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Some Higher Education Advocates Wary of President's Free Community College Plan

Written by guest blogger Caralee Adams. This post first appeared on College Bound.

The idea of free community college for all has tremendous appeal to students and many in the higher education community.

However, President Obama's brief proposal preview last night to have the federal government and states takes pick up the tab for two years of tuition has left observers eager for details—and some wary of the approach or the support needed to fund it.

The administration's proposal, America's College Promise, comes on the heels a similar program in Tennessee that was adopted last year and championed by Republican Gov. Bill Haslam. The Tennessee Promise, which is supported primarily with a lottery endowment, is a scholarship and mentoring program that will begin in the fall of 2015. Of the state's 65,000 high school seniors, nearly 56,000 have applied for the program as of last month, The Tennessean reports.

President Obama, who will discuss his new initiative in a speech in Tennessee today and in his State of the Union address on Jan. 20, will be asking the federal government to pay for three-quarters of the cost of community college tuition (on average $3,800 per year for full-time students) and states would have the option of participating and paying the remaining expenses, according to a fact sheet posted this morning on the White House web site. If fully implemented, it could assist 9 million community college students.

David Baime, the senior vice president for government relations and policy analysis at the American Association of Community Colleges, said the move would be a tremendous investment in community college students and the association would support any such effort to enhance access, although details would need to be worked out.

 "Financial barriers continue to inhibit full participation in our programs and this proposal, if enacted, would do a great deal to lessen them," Baime said in an email Thursday night.

As for the likelihood of becoming a reality and being funded, Baime said the proposal will face "tough sledding" in Congress, yet support for the community college student mission and their students remains strong.

The Institute for College Access and Support, a nonprofit that advocates for increased access to higher education, posted a blog calling free community college tuition a "wolf in sheep's clothing" and not a panacea.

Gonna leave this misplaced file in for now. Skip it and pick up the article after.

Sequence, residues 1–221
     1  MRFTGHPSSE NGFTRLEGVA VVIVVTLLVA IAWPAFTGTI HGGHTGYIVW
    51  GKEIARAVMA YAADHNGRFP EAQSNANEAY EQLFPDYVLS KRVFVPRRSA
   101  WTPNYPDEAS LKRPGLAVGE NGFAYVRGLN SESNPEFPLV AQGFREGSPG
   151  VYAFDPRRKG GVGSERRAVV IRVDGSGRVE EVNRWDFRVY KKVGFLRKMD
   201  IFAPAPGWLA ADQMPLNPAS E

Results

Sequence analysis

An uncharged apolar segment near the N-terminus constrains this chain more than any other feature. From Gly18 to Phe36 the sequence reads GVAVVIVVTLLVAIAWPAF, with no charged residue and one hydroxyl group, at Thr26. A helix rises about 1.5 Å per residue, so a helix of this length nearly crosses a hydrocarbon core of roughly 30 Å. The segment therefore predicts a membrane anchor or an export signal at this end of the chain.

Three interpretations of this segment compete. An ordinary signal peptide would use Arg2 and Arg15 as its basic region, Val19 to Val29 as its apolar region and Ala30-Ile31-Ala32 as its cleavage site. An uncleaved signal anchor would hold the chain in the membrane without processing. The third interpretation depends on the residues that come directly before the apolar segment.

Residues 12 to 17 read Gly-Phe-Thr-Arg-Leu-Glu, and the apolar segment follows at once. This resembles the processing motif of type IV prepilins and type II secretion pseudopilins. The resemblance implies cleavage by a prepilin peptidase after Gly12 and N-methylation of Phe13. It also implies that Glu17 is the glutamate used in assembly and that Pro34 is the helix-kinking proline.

"Making tuition free for all students regardless of their income is a missed opportunity to focus resources on the students who need aid the most," according to the TICAS blog. The post was updated late last night, noting that the federal proposal would differ from the Tennessee program, which is a "last-dollar" scholarship program that pays for community college tuition and fees that federal programs, such as Pell Grants, do not cover.

The TICAS post explained that the White House proposal was not a "last-dollar" scholarship and instead provides additional federal funding to states that make key reforms, including not charging tuition or fees at community colleges. "It is aimed squarely at stopping state disinvestment in public colleges, which is crucial to making college more affordable. Also, unlike the Tennessee Promise, low-income students could benefit," the blog said.

As states try new ways to keep college costs down, some have voiced criticism of the free-tuition-for-all approach for helping families who may not need assistance. Critics of the Tennessee Promise contend that Pell Grants (which is about $5,600)  already cover the cost of tuition for the poorest students so offering free tuition for all merely subsidizing middle- and upper-income students.

Following Thursday night's announcement, the Association of Community College Trustees issued a statement lauding President Obama for the "unprecedented" proposal to make community college accessible for most students. "While many of the details of the President's plan have yet to be revealed, we are encouraged that the aid will be available to community college students, including those in greatest need," the statement said. "Due to state disinvestment in higher education, any proposal that seeks to increase resources is greatly appreciated."

In the video shot on Air Force One on Thursday night, President Obama eluded to the idea that his free community college proposal would not be limited to recent high school graduates.

"I would like to see the first two years of community college free for everybody who is willing to work for it," he said. "It's something we can accomplish and it's something that will train our workforce so we can compete with anybody in the world."

Obama said education is key to success for "our kids" in the 21st century, but added that it's not just for kids. "We also have to make sure everybody has the opportunity to constantly train themselves for better jobs, better wages, better benefits," he said.

To qualify for the program, students must attend community college at least half-time and make steady progress toward completing their program, while maintaining at 2.5 grade point average, according to the proposed plan.

In addition to Tennessee's work, today's White House fact sheet said the president's new proposal also was inspired by Chicago. The Chicago STAR Scholarship program was announced in October and sets the bar high for eligibility at a 3.0 GPA for high school graduates to attend City Colleges of Chicago at no cost.

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